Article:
Congolese Information Minister Lambert Mende Omalanga told the BBC he welcomed Nkunda's arrest. "I think it is a good achievement for peace and security in this area and this region of Great Lakes," he said. Congo's government had issued an international warrant against Nkunda in 2005 for alleged war crimes and human rights abuses.

Shifting Territories

In recent days Congolese government troops and CNDP rebels have been seen together on the ground throughout the region. "There's been a very dramatic shift over the last 48 hours ... the Congolese government forces have established authority over [the area]," said de Merode, the Virunga park director.

Congolese government forces have been accused in the past of taking part in the illegal charcoal trade, which represents a major threat to the mountain gorillas and their habitat. Much of the charcoal is made from old-growth forest harvested inside Virunga National Park.

It is unclear exactly who is now in charge militarily in the Virunga region.

De Merode plans to travel Saturday to Rutshuru, a former rebel stronghold near the park, where he will meet with the traditional chief of the area. "The chief asked me to accompany him to reassure the populations in the central part of the park," de Merode said.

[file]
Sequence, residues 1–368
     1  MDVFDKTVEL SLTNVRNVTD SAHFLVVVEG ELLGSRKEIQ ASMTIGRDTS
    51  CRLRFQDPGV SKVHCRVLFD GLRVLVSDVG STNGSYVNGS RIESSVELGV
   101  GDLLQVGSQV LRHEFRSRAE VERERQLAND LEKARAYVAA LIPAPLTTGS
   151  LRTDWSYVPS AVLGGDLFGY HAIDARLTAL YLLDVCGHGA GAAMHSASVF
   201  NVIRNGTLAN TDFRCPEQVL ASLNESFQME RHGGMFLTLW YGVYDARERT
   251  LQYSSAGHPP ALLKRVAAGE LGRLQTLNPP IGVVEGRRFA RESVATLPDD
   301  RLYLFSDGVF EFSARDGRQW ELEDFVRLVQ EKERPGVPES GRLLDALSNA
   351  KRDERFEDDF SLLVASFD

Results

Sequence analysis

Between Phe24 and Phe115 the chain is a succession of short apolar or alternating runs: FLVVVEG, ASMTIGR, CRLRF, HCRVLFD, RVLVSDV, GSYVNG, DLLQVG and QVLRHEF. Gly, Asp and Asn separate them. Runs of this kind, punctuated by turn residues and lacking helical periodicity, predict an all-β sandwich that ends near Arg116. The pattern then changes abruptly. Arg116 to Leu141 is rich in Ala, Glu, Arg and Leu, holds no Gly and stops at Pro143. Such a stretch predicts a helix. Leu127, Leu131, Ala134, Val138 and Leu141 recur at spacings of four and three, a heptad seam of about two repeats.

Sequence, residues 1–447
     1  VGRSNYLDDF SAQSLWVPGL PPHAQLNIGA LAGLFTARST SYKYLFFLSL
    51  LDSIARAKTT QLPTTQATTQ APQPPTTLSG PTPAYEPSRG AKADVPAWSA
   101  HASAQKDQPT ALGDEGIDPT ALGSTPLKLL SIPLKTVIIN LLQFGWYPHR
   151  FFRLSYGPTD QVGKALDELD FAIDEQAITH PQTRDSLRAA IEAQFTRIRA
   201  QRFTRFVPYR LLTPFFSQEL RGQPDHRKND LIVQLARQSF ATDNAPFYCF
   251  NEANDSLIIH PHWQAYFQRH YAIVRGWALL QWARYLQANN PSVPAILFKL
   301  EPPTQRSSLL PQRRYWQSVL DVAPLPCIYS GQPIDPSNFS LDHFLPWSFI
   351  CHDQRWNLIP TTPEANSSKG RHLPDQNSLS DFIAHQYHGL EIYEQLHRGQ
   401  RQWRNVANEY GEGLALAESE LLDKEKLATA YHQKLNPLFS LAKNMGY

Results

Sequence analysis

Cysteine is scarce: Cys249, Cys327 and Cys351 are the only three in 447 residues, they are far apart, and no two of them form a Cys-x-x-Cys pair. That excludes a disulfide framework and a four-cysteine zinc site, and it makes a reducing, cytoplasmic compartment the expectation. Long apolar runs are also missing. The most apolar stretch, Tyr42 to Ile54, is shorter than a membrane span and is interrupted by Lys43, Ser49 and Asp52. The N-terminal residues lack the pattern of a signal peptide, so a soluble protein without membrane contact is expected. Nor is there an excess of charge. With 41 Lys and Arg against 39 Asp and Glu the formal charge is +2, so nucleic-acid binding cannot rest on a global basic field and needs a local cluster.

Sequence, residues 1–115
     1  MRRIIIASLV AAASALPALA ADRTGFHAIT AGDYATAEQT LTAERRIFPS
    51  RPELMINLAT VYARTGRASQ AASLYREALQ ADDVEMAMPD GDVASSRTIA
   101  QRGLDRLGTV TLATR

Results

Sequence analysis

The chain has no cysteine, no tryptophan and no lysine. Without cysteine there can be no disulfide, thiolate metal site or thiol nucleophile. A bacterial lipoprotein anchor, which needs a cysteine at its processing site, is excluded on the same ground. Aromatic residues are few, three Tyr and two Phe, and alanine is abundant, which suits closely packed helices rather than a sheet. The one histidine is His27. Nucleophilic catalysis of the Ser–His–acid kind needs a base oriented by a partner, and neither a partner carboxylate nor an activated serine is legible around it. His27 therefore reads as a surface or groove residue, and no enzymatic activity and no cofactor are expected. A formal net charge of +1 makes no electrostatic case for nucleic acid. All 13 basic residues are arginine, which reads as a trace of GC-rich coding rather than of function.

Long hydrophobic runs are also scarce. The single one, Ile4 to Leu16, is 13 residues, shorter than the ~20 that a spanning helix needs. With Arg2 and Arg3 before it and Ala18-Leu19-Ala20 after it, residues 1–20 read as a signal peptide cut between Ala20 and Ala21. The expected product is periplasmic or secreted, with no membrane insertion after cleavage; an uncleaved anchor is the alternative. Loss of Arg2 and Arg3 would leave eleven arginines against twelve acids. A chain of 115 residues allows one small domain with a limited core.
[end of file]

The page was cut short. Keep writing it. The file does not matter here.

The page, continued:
It's been only two months since the rangers returned to the park, and de Merode says it's critically important for them to be able to continue their work. "The thing about any national park is that it takes many years of hard work to build them up, to recover them, to reestablish them as healthy national parks, but it only takes a few days to destroy them," he said. "So we have to be there all the time to avoid that happening. At the moment our work is completely uninterrupted by these political events. But, he added, "the difficulties that we're facing are the same as the ones we'll be facing next week, next month, next year. We just have to keep going."


Congo Warlord's Arrest Puts Gorillas' Future in Turmoil. National Geographic News, January 23, 2009



Congo's gorillas face uncertain future, Australia The Age, Jun 12, 2009